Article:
Several of the planning processes consequently have mutual relationships. From
a supply chain perspective, there are also relationships between different
functional and organizational planning processes. For example, the forecasting
process may integrate individual forecasts from several markets and products,
the sales and operations planning and master planning processes may involve
several production and distribution sites, the materials planning may integrate
several warehouses, for example by the use of distribution requirements
planning. However, these decisions are often distributed among a multiple
number of independent decision-makers along the supply chain which leads to
incongruence and imbalances on a global perspective (Pibernik and Sucky,
2007). Hence, companies typically look for ways to control these imbalances,
e.g. through coordination and/or centralization of planning responsibility.

• Establish integrated supply chain planning processes since it addresses
activities throughout the supply chain.
• Handle vast amounts of data at reasonable run times, and the possibility to
run multiple scenarios and “what-if”-analyses before a central plan is
• Present results in an easy-to-understand environment through
visualisation of KPIs, stock and load levels, and so forth; hence increasing
the understanding of the effects that the decisions will have on the supply
chain performance.
• A higher degree of automation of planning, which leaves more time for
the decision-maker to analyse the supply chain and the actual decisionmaking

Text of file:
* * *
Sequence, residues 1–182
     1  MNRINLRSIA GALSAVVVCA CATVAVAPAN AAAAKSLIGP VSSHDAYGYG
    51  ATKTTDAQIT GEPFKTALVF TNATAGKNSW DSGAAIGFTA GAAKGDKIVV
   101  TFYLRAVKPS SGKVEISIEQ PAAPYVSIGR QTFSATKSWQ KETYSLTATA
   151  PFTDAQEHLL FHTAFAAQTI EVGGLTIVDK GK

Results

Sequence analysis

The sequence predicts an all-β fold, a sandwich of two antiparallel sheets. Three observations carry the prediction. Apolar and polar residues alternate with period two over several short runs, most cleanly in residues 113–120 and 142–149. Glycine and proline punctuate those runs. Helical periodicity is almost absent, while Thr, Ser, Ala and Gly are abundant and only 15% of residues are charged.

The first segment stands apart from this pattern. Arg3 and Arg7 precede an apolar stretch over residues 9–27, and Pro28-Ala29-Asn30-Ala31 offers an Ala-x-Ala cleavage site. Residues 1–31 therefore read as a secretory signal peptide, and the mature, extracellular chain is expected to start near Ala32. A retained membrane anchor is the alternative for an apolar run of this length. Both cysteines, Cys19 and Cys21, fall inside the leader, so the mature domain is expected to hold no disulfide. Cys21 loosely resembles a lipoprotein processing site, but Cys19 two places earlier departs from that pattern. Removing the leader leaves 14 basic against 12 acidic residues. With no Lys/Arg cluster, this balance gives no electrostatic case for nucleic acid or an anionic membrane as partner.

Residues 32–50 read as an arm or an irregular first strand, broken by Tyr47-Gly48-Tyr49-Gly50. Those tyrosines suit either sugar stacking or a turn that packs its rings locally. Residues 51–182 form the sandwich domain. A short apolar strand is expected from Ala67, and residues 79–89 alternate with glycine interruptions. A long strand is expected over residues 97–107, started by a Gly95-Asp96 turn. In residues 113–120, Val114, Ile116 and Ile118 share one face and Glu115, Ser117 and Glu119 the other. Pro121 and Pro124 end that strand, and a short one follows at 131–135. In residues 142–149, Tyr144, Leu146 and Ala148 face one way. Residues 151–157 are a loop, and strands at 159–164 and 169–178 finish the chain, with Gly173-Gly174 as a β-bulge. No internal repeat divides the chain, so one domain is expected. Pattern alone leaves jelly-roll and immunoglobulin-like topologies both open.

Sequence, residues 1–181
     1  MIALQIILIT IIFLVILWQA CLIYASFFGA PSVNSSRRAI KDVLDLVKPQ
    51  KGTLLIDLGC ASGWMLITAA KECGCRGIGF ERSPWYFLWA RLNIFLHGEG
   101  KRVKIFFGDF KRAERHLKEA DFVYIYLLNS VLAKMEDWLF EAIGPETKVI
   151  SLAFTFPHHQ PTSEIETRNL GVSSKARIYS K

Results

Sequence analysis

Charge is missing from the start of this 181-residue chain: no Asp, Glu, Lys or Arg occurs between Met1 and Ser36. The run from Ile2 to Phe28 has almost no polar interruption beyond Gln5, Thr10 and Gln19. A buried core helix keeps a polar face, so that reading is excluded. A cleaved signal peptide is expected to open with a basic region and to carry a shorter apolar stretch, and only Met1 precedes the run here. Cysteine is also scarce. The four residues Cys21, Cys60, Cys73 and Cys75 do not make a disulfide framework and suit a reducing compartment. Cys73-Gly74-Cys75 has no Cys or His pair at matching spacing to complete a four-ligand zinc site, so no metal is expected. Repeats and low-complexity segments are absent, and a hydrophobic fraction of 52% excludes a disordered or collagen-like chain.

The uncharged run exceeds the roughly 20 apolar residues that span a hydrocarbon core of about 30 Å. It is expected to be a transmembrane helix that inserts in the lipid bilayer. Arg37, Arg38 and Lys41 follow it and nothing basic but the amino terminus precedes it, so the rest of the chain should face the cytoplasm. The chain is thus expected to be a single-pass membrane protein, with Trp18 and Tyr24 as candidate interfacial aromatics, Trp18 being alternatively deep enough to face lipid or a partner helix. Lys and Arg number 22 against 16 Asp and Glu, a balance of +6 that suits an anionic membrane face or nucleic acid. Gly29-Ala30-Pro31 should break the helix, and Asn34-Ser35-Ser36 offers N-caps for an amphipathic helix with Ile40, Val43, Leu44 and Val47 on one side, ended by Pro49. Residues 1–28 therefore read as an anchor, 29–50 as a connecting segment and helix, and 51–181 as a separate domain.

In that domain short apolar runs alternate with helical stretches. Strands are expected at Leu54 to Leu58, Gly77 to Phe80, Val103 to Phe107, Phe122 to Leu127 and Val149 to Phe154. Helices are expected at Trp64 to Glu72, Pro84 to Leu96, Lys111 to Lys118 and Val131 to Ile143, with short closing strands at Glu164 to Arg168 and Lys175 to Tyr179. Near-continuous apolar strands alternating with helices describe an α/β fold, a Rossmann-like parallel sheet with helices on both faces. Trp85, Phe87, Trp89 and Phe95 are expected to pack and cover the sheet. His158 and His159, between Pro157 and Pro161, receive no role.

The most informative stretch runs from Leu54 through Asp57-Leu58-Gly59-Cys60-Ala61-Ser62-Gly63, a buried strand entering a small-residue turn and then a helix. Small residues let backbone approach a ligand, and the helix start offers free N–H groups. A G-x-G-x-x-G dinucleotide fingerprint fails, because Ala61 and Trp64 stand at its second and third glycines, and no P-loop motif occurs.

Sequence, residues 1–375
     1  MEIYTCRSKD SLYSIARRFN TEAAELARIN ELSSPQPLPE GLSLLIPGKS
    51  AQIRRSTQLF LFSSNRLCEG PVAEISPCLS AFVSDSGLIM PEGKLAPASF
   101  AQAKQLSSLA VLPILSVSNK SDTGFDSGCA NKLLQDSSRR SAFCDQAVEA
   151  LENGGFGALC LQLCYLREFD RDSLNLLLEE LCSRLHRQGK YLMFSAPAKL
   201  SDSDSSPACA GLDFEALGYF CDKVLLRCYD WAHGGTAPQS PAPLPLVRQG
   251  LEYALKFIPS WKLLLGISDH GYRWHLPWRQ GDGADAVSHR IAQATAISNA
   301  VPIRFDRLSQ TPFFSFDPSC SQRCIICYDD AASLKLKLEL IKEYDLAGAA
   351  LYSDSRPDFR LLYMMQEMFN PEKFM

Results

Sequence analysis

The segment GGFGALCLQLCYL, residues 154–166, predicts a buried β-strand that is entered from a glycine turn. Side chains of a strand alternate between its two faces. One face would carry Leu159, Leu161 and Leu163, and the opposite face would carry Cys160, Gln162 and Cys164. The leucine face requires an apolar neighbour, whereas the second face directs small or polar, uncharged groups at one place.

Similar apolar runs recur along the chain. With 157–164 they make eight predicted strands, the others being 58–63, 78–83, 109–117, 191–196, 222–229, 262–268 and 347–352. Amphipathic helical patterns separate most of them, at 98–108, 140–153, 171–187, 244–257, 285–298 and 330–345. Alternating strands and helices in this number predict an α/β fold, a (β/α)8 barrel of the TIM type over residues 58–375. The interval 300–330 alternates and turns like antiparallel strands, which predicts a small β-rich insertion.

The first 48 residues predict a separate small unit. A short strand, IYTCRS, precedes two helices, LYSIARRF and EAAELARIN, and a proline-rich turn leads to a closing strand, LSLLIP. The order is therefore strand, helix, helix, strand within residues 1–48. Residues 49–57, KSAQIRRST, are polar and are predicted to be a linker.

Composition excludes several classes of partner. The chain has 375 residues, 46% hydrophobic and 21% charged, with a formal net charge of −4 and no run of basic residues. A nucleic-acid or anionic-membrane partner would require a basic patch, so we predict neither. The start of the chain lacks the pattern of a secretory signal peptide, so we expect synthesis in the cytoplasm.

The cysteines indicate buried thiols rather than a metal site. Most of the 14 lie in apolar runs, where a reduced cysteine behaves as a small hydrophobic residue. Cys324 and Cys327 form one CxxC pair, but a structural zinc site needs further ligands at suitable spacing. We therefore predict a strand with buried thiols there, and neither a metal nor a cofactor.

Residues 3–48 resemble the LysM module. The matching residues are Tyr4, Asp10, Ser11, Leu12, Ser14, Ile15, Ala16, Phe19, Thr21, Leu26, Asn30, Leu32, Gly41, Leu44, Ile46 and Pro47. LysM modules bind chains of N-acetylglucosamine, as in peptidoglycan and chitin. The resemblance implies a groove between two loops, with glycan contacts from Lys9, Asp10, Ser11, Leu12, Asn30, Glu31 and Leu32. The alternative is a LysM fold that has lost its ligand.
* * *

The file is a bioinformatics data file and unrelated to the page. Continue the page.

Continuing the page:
instead of using the time to find a feasible plan.
Since APS used in supply chains have to deal with multi-site environments and
is based on a standardised planning process with a high degree of automation,
the quality of input data (both master data and transaction data) is even more
important than in other types of planning systems. Hence, the organisation has to
put a lot of effort into safeguarding that planning data is of high quality.
In terms of planning, information is normally distinguished from data, where
information is the content and meaning of the data. Information quality is a
generic term and has several different dimensions. Normally, distinctions are
made between the extent to which information is valid, reliable, up-to-date,
complete and straightforward to understand and use (e.g. Jonsson and
Gustavsson, 2008). APS requires high data quality to work properly, and in such
cases provides the possibility to provide information of good quality to the
decision-makers which thereby can make better informed decisions.
3.1 The supply chain
IKEA is one of the leading home furnishing companies in the world. With its
vision to ”create a better everyday life for the many people”, the company has
reached annual sales of close to €20 billion (FY 2007) and has close to 120,000
employees. IKEA has more than 522 million visitors per year in its stores all
over the world. In addition to the visitors in the stores, some 450 million visitors
are tracked entering the IKEA website. IKEA’s main marketing channel is its
catalogue that is distributed world-wide in 191 million copies (in 56 different
editions and 27 different languages) displaying some of IKEA’s 9,500 selling
articles. IKEA’s growth has been tremendous and sales are still growing.
IKEA’s supply chain is global with sales world wide. The stores, which are
divided into three geographical areas, are supplied through 31 distributions
centres, which in turn are supplied by some 1,350 suppliers in more than 50
countries. In terms of supply (purchasing), Europe stands for 69% (Poland being
the largest purchasing area with 16% of total purchasing), followed by Asia with
28 % (China 22%), and North America with 3%. The majority of sales is in
Europe (82%) with Germany as the top selling country (16%), whereas North
America accounts for 15% of sales (USA 10%). Asia and Australia together
account only for 3% of total IKEA sales.